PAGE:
Tesla has delivered first its of its long-delayed Cybertruck electric pickup on Thursday to eager customers, an event that has been four years in the making.
In a live stream from its Texas headquarters, Elon Musk highlighted the vehicle’s utility and performance before letting the first owners drive their Cybertruck out of the plant.
Tesla revealed that pricing for the cheapest model of the Cybertruck will start at $60,990, higher than the starting price of just under $40,000 Tesla gave when it first announced the vehicle in 2019.
In addition to the cheapest rear-wheel drive model, which will not be available until 2025, an all-wheel drive version will be available for delivery in 2024, with a $79,990 price tag. The priciest version, known as the Cyberbeast, will sell for an estimated $99,990 and be available in 2024.
In top-spec form, the Cybertruck can hit from 0 to 60mph in 2.6sec and complete a standing quarter-mile in less than 11sec.
Tesla has not given a precise battery size, but claims a top-end range of 340 miles. All variants are claimed to be capable of the same 1MW (1000kW) charging speed as the Tesla Semi HGV.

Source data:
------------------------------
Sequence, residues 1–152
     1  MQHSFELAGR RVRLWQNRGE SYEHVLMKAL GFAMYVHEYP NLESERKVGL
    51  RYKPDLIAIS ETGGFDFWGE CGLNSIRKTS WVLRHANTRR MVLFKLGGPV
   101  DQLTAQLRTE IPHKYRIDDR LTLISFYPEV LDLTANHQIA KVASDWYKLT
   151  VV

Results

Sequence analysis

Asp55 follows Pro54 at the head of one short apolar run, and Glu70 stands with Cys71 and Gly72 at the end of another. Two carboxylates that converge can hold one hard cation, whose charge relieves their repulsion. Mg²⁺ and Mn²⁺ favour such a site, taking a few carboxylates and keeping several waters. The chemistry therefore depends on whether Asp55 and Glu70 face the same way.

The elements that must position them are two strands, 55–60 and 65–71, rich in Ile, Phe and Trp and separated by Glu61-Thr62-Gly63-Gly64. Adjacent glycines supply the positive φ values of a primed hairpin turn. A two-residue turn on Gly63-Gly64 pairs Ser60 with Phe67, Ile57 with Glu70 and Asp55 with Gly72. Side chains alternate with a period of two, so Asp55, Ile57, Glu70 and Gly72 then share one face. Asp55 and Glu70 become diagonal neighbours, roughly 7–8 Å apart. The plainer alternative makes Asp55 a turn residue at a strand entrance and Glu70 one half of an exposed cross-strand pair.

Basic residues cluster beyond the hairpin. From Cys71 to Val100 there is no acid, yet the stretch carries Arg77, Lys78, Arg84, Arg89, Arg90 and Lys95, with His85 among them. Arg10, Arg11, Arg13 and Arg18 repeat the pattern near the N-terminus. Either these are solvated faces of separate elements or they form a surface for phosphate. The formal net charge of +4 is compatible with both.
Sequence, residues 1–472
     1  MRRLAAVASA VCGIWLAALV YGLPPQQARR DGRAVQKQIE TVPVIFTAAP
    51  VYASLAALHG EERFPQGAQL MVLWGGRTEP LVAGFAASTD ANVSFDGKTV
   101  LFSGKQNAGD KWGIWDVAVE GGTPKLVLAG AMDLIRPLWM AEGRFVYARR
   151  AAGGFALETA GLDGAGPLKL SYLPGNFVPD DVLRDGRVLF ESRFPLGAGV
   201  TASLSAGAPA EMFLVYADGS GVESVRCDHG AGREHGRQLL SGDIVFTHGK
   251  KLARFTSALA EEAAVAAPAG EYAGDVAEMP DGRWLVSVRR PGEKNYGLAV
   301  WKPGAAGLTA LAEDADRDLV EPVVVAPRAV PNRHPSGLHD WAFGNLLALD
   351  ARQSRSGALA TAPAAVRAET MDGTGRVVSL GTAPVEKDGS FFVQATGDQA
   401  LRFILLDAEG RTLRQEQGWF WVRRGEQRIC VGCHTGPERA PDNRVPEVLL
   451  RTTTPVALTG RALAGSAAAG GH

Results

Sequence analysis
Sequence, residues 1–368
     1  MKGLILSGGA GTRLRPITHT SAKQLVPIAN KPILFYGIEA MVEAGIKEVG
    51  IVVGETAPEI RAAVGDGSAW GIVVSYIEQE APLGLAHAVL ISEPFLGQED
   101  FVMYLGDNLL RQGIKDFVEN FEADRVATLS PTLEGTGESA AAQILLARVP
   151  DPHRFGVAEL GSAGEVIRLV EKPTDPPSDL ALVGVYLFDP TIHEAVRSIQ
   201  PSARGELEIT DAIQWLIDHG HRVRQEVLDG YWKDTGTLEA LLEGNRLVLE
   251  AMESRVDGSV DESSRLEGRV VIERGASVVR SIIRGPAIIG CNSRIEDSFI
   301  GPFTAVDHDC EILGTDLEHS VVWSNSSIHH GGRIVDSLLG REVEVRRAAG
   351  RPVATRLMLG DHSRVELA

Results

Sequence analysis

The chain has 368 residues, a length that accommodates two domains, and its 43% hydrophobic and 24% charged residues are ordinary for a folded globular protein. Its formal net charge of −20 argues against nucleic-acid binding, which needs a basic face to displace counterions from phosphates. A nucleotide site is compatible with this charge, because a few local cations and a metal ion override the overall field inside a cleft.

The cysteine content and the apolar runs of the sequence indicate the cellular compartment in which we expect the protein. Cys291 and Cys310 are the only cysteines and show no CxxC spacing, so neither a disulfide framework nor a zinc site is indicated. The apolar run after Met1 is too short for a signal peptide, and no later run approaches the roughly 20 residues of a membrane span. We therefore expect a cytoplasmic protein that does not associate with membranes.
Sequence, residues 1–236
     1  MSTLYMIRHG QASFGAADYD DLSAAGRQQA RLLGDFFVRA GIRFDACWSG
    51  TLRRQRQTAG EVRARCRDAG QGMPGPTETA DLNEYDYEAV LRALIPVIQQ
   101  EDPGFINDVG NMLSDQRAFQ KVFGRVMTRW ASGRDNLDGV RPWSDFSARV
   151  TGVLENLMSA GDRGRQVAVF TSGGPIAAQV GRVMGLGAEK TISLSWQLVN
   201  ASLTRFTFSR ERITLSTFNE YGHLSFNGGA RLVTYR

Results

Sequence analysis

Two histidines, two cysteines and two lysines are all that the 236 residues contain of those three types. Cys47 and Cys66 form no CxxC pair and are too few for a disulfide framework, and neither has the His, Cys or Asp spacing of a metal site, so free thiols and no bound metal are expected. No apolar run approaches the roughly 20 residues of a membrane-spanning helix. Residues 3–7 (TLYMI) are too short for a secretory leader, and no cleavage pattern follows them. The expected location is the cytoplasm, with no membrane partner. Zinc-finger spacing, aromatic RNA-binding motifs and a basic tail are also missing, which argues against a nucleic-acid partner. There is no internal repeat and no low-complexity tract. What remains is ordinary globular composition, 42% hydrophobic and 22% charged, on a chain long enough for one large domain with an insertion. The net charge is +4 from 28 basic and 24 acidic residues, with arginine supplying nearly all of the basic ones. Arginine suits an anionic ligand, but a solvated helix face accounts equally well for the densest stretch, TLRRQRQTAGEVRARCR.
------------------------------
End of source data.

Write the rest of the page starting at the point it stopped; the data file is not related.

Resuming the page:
Cybertruck Delivery Event https://t.co/rWd111HvHc
— Tesla (@Tesla) November 29, 2023
The Cybertruck is Tesla’s bid to move beyond sedans and SUVs to challenge the likes of Ford, Stellantis and General Motors in the pick-up market, which is rapidly shifting to electric. Musk initially unveiled the truck at a launch event in 2019 where the truck’s window was smashed by a steel ball while testing its supposedly unbreakable qualities.
Musk said recently there were more than 1 million customers on the waiting list, but he did not clarify pricing or the company’s production targets.
The Texas plant has a production goal of 250,000 Cybertrucks a year, although the company does not expect to meet that objective until at least 2025.